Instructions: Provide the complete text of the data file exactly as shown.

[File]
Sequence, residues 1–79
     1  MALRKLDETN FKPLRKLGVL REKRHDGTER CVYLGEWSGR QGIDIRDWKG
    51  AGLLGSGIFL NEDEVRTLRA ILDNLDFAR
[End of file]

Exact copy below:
Sequence, residues 1–79
     1  MALRKLDETN FKPLRKLGVL REKRHDGTER CVYLGEWSGR QGIDIRDWKG
    51  AGLLGSGIFL NEDEVRTLRA ILDNLDFAR